Aspire has so far helped 450 vulnerable but resilient women rebuild their lives in the aftermath of Rwanda’s genocide. Aspire’s dynamic founder, Peace Ruzage, started the programme to help the women in her community who could not find work, and were struggling to offer their children a better future. Many were widows or single mothers, illiterate and unskilled, HIV positive, and victims of domestic violence. All had witnessed unimaginable violence during the genocide.
Aspire started in urban Kigali, and in 2013 a second branch of the programme was started in rural Rutunga (about an hour’s drive outside of Kigali).
Aspire Kigali trains 50 women each year in literacy, English, nutrition and cooking, business skills, their rights and responsibilities and advocacy. The programme equips them with the knowledge, skills, confidence and the support network they need to become self-sufficient and empowered. Women are taught vocational skills and, upon graduating, join income generating co-operatives, producing and selling necklaces, greeting cards, vegetables, eggs, goats and chickens. Recent Aspire graduates also play a role in training the new intake, offering a ready support network. Aspire’s graduates can read and write and have marketable skills, enabling them to educate and feed their children, breaking the cycle of poverty.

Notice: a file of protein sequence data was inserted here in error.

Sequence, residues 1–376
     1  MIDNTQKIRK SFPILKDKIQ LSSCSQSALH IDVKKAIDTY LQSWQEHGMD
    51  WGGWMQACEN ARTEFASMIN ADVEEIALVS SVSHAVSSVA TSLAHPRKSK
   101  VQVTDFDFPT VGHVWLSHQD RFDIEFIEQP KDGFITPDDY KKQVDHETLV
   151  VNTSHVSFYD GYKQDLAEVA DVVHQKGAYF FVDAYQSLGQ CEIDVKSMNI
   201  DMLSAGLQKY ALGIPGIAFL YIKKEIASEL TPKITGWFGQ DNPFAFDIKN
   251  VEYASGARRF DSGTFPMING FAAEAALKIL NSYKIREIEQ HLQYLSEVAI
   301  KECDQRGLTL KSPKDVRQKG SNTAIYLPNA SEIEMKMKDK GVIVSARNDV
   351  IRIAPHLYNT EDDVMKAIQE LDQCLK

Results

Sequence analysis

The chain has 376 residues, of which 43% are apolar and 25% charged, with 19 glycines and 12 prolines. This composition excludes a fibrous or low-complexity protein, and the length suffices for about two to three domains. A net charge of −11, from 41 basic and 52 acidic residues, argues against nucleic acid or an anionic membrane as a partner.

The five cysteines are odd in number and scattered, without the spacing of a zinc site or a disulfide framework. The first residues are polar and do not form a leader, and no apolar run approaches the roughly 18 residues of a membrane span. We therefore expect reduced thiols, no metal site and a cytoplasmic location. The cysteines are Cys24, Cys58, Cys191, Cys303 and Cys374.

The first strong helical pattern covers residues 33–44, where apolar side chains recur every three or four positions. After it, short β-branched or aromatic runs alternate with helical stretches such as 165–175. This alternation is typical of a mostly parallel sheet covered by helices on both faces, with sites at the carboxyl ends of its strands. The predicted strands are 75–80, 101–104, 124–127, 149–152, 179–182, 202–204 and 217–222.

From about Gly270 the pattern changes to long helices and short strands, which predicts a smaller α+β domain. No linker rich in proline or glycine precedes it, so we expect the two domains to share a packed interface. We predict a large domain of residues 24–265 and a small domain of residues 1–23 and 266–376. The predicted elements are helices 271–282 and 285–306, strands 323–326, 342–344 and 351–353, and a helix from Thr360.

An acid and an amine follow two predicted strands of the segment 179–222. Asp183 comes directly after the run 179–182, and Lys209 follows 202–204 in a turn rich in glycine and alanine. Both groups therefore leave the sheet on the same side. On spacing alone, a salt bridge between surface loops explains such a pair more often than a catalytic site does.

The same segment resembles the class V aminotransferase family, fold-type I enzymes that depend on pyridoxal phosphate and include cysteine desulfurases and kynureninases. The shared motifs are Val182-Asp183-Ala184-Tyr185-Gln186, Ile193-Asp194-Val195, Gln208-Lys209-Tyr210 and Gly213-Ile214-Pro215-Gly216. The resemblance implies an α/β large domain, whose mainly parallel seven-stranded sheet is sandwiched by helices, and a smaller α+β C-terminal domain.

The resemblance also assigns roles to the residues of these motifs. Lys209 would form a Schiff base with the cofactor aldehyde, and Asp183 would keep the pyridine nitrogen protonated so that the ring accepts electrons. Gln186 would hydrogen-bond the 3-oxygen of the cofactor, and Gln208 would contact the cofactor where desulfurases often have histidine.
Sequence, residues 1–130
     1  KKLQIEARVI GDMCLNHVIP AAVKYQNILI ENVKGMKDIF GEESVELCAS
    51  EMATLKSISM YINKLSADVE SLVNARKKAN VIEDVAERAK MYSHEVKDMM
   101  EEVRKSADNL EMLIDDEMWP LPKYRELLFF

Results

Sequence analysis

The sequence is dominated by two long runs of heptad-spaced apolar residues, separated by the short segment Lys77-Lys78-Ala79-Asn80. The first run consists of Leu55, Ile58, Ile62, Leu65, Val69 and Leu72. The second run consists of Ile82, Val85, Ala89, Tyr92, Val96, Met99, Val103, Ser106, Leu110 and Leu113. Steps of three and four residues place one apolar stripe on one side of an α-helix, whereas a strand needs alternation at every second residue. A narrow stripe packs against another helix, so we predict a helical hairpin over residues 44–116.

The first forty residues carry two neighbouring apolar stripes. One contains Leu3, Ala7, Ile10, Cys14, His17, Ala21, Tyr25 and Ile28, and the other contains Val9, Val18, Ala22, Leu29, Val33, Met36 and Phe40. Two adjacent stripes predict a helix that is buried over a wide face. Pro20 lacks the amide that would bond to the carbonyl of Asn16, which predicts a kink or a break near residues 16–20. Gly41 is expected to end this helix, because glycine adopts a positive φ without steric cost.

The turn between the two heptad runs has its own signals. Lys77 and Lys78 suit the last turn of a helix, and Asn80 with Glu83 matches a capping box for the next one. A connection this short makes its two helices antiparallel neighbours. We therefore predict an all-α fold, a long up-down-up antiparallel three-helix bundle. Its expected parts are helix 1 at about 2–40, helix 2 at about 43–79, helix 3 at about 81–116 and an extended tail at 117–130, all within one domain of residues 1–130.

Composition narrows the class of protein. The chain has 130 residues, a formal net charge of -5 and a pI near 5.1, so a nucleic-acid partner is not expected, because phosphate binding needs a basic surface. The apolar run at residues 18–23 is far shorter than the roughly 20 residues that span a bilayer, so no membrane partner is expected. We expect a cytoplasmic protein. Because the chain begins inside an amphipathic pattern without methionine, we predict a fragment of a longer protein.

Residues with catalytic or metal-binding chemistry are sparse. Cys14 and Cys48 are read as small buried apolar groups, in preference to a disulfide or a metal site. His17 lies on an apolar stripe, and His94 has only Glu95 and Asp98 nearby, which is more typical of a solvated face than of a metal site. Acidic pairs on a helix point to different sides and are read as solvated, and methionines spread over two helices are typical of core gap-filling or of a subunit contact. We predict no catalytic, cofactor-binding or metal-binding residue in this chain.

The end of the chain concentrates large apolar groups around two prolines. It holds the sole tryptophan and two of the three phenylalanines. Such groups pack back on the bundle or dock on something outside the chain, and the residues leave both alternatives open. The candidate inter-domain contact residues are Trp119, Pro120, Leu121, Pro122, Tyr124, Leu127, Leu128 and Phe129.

Rural Rutunga faces more deprivation than Kigali. There is no electricity, and women usually have to walk miles to fetch water. Before starting the Rutunga branch, Aspire worked with local officials to select the most vulnerable 150 women in the area. Those women make up the inaugural class of Aspire Rutunga. This Aspire branch is similar to the one in Kigali, the main difference being that the women learn commercial agriculture rather than vocational skills.
By working together, the women of Aspire make their own choices and take control of their future. Aspire’s mission is founded on the belief that the promotion of human dignity and women’s rights will lead to sustainable community development and strong and lasting grassroots reconciliation.